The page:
Many consultants are also beginning to embrace the technology. At the Johnson & Johnson digital health masterclass, Dr Jon Shaw, a former surgeon, was pitching DocCom, a secure social networking platform for use by medical teams in hospitals. DocCom was born out of Shaw and co-founder Dr Jonathan Bloor’s frustration with hospitals’ reliance on bleeper and paging systems.
Why, they wondered, couldn’t the NHS have a system akin to Facebook that enabled consultants to communicate with colleagues outside ward rounds? By signing up to DocCom’s secure cloud-based platform, consultants can do that without the fear of breaching patient confidentiality. All they have to do is download an app to their mobile phone and confirm their identity in order to start texting colleagues straight away. So far, 10 NHS trusts have agreed to trial the system.
Another promising application is Safe Mobile Care. Devised by Dr David Morgan, a consultant head and neck surgeon in Birmingham, the system uses a touch-screen mobile phone that can be programmed with personalised plans for patients. Morgan claims that not only does the system reduce admissions for cardiac failure by about 80%, it also enables nursing teams to work more efficiently. Furthermore, rather than increasing patient anxiety, he argues the system helps patients to better understand their conditions and take control of the management of their health.
Morgan does not believe, however, that the technology is appropriate for all patients. “The idea that patients should have a device for life is a market-led idea to sell more devices than necessary.”
That sentiment was echoed at the masterclass at LSO St Luke’s. Although nearly every developer claimed patients’ needs were uppermost, the judges begged to differ, expressing concern that some startups seemed more focused on market share than in catering to a clinical need. Perhaps that explains why the dragons awarded the first prize to PxHealthCare, a Dutch startup whose product was developed specifically for breast cancer patients. Founded by Dr Anne Bruinvels, a pharmacist with a background in personalised medicine, the company aims to provide bespoke medical support to cancer patients by providing them with a suite of self-reporting tools. Using the company’s OWise app and web platform, patients can talk to their physicians and get advice about their drug regimes, enabling them to better manage their treatment plans.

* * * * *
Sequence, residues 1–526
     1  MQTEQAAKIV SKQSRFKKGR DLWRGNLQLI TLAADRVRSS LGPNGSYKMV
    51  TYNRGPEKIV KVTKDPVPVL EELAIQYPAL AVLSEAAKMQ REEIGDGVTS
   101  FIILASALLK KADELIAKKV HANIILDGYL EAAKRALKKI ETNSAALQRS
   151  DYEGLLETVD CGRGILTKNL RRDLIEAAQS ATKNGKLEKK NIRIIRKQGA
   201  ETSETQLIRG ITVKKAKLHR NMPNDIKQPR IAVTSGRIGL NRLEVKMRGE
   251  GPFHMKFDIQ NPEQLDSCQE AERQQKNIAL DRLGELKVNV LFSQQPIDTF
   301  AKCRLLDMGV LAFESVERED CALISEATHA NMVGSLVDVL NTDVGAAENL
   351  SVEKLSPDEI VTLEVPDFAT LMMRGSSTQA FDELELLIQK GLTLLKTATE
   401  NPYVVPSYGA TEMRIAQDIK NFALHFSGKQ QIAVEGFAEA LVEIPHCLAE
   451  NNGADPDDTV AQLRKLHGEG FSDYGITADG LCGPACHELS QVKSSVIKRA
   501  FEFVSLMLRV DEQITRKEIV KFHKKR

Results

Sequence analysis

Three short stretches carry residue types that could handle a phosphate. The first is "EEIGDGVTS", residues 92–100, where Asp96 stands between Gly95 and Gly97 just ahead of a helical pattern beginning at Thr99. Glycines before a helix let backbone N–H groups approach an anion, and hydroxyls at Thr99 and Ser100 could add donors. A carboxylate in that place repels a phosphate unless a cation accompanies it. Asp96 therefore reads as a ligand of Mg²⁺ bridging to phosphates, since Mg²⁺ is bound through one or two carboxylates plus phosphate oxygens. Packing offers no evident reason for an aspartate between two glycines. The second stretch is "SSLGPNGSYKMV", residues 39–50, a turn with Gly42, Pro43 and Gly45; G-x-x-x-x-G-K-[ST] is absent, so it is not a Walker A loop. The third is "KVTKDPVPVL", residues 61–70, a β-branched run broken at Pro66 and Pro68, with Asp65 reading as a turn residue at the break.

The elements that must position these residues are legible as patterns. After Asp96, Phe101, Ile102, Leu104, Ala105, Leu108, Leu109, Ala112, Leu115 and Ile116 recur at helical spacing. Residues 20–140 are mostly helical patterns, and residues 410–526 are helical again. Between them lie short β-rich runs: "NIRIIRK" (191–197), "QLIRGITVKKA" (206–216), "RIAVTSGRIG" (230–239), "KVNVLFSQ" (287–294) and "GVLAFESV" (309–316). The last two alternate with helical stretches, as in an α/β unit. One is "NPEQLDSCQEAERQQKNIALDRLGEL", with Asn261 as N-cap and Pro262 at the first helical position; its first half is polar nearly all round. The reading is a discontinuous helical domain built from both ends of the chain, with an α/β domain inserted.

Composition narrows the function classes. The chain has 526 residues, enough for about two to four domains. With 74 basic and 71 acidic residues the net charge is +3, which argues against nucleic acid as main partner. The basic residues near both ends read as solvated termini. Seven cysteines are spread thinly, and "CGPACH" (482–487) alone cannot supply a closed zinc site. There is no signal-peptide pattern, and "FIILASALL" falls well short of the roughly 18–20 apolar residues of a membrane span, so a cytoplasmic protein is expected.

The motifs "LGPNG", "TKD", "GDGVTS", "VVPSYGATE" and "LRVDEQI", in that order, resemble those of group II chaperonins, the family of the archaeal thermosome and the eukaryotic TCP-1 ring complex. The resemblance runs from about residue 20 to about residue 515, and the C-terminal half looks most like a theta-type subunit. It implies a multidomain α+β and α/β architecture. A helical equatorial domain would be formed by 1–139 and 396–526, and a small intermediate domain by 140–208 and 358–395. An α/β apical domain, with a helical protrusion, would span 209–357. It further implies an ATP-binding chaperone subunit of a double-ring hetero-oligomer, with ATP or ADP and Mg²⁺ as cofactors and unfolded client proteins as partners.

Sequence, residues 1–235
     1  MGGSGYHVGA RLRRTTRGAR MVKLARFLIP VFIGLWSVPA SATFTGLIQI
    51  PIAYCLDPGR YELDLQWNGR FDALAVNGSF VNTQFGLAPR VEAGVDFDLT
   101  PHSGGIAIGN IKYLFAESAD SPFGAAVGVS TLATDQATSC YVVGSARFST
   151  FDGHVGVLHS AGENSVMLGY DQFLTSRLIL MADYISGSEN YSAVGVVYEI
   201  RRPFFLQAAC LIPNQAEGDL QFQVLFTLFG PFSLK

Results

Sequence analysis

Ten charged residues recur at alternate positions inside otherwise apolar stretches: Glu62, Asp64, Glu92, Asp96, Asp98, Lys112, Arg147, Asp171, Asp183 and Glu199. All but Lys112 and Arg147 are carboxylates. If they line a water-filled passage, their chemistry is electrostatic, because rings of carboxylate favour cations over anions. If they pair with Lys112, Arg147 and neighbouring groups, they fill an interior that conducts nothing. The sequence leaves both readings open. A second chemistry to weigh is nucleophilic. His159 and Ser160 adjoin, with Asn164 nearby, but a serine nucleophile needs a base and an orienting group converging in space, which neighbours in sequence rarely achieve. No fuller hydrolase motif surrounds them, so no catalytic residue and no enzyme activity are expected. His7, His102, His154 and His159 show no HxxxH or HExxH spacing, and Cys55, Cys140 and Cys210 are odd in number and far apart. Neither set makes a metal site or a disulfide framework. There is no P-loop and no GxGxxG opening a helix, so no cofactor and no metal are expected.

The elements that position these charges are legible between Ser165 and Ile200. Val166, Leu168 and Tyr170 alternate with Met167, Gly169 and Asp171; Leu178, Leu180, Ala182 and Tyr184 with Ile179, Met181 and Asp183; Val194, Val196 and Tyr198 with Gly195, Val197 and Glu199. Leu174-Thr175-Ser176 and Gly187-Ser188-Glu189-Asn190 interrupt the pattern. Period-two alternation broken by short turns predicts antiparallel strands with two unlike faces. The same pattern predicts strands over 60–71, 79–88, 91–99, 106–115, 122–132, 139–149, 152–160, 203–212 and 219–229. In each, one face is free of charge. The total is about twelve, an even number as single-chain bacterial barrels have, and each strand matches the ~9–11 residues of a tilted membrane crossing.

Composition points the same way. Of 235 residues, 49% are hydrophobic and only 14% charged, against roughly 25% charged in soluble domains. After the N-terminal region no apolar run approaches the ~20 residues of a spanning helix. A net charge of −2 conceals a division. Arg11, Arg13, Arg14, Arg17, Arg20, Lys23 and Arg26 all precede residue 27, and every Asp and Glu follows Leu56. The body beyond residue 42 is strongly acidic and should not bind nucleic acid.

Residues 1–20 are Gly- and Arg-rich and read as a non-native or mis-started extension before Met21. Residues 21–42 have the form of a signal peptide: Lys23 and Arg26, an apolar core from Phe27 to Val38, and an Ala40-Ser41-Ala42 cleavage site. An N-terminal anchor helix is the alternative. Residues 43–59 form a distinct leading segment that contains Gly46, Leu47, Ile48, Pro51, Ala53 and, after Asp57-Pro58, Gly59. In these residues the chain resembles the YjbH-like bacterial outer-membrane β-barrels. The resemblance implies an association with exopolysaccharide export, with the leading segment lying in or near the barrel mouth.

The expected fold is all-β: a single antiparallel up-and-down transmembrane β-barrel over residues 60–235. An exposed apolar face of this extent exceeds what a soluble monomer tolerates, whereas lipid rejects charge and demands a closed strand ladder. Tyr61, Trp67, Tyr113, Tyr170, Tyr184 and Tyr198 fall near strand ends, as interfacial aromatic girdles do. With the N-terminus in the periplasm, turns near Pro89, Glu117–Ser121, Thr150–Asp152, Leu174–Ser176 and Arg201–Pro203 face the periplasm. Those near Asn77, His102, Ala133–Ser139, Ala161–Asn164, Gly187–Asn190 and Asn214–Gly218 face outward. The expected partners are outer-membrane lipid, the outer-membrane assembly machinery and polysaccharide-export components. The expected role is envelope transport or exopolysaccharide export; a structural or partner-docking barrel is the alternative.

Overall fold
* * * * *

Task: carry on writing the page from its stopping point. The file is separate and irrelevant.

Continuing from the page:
At the same time, the data collected by OWise can be anonymised and shared with medical researchers to shed light on drug interactions and side-effects.
For these and similar applications to take off in the UK, however, developers will first have to convince sceptical GPs like Dr Mann. While Mann accepts that some patients may benefit from such devices, he doubts this is true of most patients he sees in his practice.
“As a doctor, I welcome anything that will improve patient care and be cost effective but so far the evidence from telehealth is that it doesn’t do either of those things,” he says. “In the NHS we haven’t got the luxury of giving people things just because they like them.”
For all that doctors may be reluctant to embrace these new technologies, however, social trends are not with them. Already, Britain and the US are facing a shortfall of doctors as the recruitment to medical schools fails to keep pace with an ageing population and the growing numbers of people living with long-term health conditions.
Back at St Luke’s, I ask Jones whether he thinks the medical profession will come round to digital health. “As with any new technology, you’re going to find early adopters and late adopters and a middle group who hang back,” he says. “I’m not sure it’s what all physicians want but I’m confident that a percentage of them will wholeheartedly embrace this technology and that eventually the rest of their colleagues will follow.”
guardian.co.uk © Guardian News & Media Limited 2010